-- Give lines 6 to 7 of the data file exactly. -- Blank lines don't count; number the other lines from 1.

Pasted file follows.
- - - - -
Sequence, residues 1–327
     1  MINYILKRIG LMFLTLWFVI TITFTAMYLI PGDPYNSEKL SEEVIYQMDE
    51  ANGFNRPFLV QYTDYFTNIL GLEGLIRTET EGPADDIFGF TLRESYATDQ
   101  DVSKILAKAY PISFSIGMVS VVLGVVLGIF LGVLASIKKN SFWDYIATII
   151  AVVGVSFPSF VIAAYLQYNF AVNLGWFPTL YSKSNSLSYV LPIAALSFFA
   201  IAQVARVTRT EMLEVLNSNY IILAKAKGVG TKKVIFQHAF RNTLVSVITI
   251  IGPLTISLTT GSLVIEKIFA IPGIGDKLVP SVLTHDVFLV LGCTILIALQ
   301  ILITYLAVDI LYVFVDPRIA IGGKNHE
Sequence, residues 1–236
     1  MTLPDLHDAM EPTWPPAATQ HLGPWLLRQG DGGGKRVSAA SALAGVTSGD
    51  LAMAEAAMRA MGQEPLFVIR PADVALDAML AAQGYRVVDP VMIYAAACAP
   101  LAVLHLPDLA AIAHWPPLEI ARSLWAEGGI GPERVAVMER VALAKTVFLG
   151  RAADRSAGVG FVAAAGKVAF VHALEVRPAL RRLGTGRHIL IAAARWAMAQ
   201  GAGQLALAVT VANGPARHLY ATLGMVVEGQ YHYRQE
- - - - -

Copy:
   201  IAQVARVTRT EMLEVLNSNY IILAKAKGVG TKKVIFQHAF RNTLVSVITI
   251  IGPLTISLTT GSLVIEKIFA IPGIGDKLVP SVLTHDVFLV LGCTILIALQ